Preparing for the market launch of high-output charging, Daimler Buses has equipped its Mannheim bus plant in Germany with a central charging station for the fully-electric eCitaro. It can also be used to provide the newly released eCitaro with electricity via a pantograph.
The special feature of this charging station is that the charging devices are suspended at a height of around five metres above the ground. The station serves to charge the eCitaro as part of the production process and ahead of delivery to customers. Plus, new charging technologies such as charging management, new communications protocols, new hardware for charging using a cable or a roof-mounted pantograph can be tried and tested. What's more, the infrastructure is expandable as required.
Compatible with all common charging technologies
The charging station is compatible with all common charging technologies: 150 kW cable-bound charging, 300 kW rapid charging using a pantograph on the bus roof and 300 kW rapid charging using a permanently installed set of charging rails on the roof of the bus. In technical jargon, the latter is referred to as an inverted pantograph.
All four parking bays are setup to handle the particularly common cable-bound charging of the eCitaro. And in line with this, it can handle the different charging systems of two manufacturers. Using them, buses can be charged with an output of 150 kW. Two parking bays additionally offer rapid charging via the vehicle roof; one uses a pantograph, the other uses charging rails. In both cases, the charging output is 300 kW. The entire system has a modular design to ensure that it can be expanded as required.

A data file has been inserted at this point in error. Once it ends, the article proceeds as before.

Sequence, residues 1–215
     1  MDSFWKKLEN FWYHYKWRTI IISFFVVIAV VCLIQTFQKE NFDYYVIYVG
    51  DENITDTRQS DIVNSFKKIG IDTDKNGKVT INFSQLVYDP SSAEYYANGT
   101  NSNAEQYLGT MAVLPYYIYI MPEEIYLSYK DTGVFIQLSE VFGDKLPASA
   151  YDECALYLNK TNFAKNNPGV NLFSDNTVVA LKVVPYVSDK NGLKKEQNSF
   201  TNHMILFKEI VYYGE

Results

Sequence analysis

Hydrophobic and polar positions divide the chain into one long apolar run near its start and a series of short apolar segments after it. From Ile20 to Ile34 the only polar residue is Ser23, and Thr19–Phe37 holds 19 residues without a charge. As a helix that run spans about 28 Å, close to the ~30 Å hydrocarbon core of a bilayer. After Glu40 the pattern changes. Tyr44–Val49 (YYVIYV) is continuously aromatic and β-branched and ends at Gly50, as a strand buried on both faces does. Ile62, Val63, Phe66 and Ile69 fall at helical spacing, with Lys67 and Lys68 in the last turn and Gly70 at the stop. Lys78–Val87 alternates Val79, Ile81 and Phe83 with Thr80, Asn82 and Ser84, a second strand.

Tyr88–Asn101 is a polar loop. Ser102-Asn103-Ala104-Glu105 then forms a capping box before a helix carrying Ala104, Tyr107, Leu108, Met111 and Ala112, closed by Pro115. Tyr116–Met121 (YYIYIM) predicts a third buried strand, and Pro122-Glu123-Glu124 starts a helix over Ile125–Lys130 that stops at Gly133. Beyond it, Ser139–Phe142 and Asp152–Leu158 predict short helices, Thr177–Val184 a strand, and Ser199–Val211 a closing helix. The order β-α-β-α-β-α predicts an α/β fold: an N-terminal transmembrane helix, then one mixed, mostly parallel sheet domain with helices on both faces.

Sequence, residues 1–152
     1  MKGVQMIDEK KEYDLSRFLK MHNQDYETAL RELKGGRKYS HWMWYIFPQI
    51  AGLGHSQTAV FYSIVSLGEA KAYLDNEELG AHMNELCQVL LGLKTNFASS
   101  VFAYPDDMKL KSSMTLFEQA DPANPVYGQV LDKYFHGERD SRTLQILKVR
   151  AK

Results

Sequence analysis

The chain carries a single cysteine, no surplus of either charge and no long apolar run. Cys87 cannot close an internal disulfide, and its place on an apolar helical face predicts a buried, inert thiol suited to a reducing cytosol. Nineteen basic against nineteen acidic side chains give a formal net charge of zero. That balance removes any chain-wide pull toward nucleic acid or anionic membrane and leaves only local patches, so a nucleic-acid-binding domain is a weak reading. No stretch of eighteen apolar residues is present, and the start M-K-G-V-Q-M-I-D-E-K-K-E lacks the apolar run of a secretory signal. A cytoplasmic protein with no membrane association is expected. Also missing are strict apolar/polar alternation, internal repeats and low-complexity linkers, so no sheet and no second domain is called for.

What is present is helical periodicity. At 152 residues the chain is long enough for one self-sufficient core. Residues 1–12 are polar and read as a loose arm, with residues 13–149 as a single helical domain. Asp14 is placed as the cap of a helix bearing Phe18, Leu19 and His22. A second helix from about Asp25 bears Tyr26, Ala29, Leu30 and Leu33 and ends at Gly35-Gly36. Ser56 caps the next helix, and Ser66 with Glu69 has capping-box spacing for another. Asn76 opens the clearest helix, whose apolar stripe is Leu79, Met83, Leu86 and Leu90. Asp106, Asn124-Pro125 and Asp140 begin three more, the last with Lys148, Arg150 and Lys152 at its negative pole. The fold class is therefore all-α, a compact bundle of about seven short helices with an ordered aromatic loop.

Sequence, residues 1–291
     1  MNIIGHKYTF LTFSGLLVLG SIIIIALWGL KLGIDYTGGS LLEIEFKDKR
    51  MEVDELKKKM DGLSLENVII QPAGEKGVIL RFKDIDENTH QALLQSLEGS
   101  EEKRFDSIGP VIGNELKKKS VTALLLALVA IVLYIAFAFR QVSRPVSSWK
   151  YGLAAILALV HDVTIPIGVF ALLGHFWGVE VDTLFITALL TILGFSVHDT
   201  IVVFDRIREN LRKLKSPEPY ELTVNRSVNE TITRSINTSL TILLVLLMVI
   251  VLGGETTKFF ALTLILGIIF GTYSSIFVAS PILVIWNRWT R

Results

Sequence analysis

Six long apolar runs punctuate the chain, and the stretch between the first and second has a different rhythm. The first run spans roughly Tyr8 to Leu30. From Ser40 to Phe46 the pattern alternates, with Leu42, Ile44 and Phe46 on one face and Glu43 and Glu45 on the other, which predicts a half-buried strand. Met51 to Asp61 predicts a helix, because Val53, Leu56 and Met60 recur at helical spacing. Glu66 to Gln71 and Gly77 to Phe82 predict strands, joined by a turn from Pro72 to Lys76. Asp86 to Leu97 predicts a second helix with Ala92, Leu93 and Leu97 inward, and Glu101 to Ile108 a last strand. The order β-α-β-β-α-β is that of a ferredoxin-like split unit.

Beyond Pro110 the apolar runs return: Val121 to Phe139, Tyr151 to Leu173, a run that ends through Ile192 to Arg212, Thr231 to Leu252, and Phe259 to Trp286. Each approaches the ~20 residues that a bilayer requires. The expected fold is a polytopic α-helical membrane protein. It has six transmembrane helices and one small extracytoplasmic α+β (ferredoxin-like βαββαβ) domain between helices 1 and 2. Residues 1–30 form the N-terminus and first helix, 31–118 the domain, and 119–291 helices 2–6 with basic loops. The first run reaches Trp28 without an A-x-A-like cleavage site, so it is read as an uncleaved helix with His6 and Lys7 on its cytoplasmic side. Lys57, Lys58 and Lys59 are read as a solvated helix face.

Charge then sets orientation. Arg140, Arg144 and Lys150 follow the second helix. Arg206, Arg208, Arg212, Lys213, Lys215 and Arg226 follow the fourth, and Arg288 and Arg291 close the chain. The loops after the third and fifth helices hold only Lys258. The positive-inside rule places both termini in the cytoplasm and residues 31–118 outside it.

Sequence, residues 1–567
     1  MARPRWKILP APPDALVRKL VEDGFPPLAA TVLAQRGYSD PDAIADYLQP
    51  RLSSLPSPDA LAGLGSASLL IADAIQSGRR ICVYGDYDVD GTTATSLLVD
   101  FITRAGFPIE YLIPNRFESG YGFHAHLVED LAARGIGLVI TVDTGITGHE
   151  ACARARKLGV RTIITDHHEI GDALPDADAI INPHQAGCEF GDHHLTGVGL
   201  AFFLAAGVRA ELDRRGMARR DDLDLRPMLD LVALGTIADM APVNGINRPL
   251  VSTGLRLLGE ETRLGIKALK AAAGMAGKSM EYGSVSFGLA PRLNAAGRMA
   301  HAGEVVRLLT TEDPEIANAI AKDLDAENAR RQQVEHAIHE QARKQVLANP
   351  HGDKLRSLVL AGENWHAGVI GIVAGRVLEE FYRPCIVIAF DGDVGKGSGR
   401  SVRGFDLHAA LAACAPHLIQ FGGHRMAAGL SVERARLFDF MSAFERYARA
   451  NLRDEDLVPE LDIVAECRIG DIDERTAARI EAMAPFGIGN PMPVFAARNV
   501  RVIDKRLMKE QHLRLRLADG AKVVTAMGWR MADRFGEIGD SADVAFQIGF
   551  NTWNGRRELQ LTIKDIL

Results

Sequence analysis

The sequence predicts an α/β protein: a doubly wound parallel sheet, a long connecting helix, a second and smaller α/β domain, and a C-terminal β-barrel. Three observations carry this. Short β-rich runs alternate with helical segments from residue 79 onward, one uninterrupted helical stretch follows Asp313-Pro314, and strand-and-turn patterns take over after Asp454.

As space in the bus plant is at a premium, Mercedes-Benz has decided to move off the ground, installing the eCitaro charging station at the height of the upper floor of the building. An idea which many transport companies also use. It doesn't just save space, it also protects against costly accidents between manoeuvring buses and the charging technology.
The electric charging station is located directly behind the vehicle handover hall and thus has a strategically interesting location. To save electrically-powered city buses from having to carry out complex manoeuvring, the charging station has been built in a space-saving way to resemble a bridge. The city buses drive straight under the charging station and park right there for charging.
The charging station has four parking bays. It uses four charging devices with 150 kW output each and two with 300 kW each. The six charging devices enjoy shared use by three different technologies and two different manufacturers. The total connection power at the charging station is an impressive 1.2 megawatts. The corresponding cables are roughly as thick as a human arm and run in an extendible cable channel in the ground.
The charging station is positioned on a total of ten pillars and is accessible from all sides. For service purposes, wide steps lead up to the charging devices on the upper deck, as it were. These are protected against the influences of the weather by means of a roof.